AAPI immigrant representation on TV more than doubled since 2020, study reveals
Broadway's KPOP Sets Abrupt Closing Date
“Almost half of all Asian roles serve as a punchline, study finds.”
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🏆 The Headlines
AAPI immigrant representation on TV more than doubled since 2020, study reveals — The number of Asian American Pacific Islander (AAPI) immigrant characters on TV rose from 12% in 2020 to 27% in 2022, according to a new study by immigrant-focused nonprofit Define American.
Characters that portray Asian American and Pacific Islander (AAPI) immigrants on television have more than doubled in the last two years, according to a new study published this week.
Define American, a nonprofit focused on humanizing conversations about immigrants, found that AAPI representation jumped from just 12% in 2020 to 28% — becoming consistent with the 27% of U.S. immigrants who are AAPI.
AAPI immigrants were the most underrepresented group compared to their real-life counterparts in 2020, the study said. The “substantial increase” is primarily attributed to a general increase in Asian American representation on TV.
While the research showed gains for the AAPI and Black communities, it also revealed that Pacific Islander representation is “often erased” in the broader AAPI discourse. Additionally, it found that Latino representation had plummeted from 50% in 2020 to 34% this year.
Broadway's KPOP Sets Abrupt Closing Date — The musical's final performance will be dedicated to the Asian American and Pacific Islanders community.
KPOP has announced that it will play its final Broadway performance December 11. The musical opened at Circle in the Square Theatre November 27 following the beginning of previews October 13. While in previews, the show cancelled multiple matinee performances. As of the final performance, the musical will have played 44 previews and 17 performances.
The final performance will be dedicated the Asian American and Pacific Islanders (AAPI) community. It will be a special event featuring a panel discussion that will celebrate and reflect on AAPI representation on the Broadway stage. Panelists include David Henry Hwang, the first Asian American playwright to win a Tony; KPOP's own Helen Park, the first Asian female composer on Broadway; Korean playwright Hansol Jung; and Pun Bandhu of the Asian American Performers Action Coalition. 200 complimentary tickets are being offered to community members for the performance, which is supported by The Asian American Foundation with Gold House, Asian American Performers Action Coalition, and Ma-Yi Theater Company (which co-produced the premiere of KPOP Off Broadway).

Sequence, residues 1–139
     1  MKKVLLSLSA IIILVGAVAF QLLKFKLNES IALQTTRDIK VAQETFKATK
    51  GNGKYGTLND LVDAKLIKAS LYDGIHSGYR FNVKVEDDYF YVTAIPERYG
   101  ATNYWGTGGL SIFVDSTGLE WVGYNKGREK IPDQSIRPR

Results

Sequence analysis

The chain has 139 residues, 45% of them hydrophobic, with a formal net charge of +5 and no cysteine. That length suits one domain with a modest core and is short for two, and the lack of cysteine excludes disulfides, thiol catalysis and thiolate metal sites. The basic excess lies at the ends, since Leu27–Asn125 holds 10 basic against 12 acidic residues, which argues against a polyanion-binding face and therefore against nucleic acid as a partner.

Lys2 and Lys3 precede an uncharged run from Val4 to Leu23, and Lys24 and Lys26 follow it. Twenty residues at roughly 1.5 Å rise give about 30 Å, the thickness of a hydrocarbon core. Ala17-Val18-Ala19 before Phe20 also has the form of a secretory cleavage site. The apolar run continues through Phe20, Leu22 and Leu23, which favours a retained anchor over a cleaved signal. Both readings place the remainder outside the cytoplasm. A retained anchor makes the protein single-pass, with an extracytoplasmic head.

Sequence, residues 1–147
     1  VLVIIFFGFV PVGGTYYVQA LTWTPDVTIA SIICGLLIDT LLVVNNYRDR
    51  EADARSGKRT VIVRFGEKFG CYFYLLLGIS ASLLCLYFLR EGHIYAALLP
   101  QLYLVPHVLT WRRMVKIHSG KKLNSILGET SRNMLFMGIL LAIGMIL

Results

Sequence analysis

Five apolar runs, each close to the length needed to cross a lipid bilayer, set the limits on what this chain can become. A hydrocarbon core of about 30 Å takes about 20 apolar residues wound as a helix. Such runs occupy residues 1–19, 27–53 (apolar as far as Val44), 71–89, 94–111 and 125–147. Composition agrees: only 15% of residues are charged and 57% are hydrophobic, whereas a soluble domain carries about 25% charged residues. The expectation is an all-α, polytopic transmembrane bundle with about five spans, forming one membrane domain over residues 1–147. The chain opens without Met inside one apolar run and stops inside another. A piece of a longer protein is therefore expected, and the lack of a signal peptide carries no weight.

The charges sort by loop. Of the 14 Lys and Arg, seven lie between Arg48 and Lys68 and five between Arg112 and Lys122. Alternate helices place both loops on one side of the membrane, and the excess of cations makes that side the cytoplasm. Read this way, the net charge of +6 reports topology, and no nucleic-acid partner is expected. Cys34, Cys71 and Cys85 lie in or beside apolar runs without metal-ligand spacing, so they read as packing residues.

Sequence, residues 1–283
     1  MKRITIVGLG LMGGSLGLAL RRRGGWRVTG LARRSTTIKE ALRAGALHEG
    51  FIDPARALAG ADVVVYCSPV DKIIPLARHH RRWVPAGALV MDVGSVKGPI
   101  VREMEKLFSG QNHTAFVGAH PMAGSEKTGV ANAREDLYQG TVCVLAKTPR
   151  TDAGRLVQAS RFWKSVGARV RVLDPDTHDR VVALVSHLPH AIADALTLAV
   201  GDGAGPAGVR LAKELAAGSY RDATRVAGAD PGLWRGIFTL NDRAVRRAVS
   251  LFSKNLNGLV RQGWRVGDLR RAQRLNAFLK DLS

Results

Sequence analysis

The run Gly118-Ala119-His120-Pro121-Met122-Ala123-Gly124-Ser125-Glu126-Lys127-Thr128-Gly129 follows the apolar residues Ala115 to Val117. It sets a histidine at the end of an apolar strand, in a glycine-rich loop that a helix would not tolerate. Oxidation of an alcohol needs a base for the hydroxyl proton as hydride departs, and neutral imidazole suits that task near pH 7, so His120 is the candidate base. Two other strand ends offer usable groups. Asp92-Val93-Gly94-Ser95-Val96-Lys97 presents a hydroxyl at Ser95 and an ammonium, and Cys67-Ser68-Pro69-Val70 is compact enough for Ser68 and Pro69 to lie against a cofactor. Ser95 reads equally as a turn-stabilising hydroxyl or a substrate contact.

News of the closing is unusually abrupt, and follows public discord between the show's company and New York Times theatre critic Jesse Green, whose negative review was described by KPOP's producers as "casual racism." The show has struggled at the box office throughout its run, both before and after Green's review was published.
Donnie Yen almost quit acting after a movie flop left him with only $13 — The international action star made the revelation on Saturday during a speech in Hong Kong.
International action star Donnie Yen recently shared he once considered quitting the film industry after failing to earn profits from the films he was making.
Yen revealed the low points in his career during a speech at the graduation ceremony for the 2022 Guangdong-Hong Kong-Macau Greater Bay Area International Film Marketing Certificate course on Dec. 3, reported AsiaOne.
The 59-year-old martial arts legend, who set up his own film company in the late ‘90s, said that at one point his bank account only had HK$100 (approximately $13) due to a failed movie investment.
“At that time, I only had HK$100 in my bank account, which dealt a big blow to me,” the actor said. “I couldn’t make any money and I was so frustrated. I asked myself if I entered the wrong business and considered quitting. Fortunately, I didn’t leave the industry and persisted in pursuing my dreams.”
According to Yen, better opportunities eventually came his way and turned his career around.
He then reminded the aspiring filmmakers in the audience of the importance of studying the course: “No matter how much you enjoy filming, you can’t do it without funds and market demand.”
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👋, Lea @ Crushing the Myth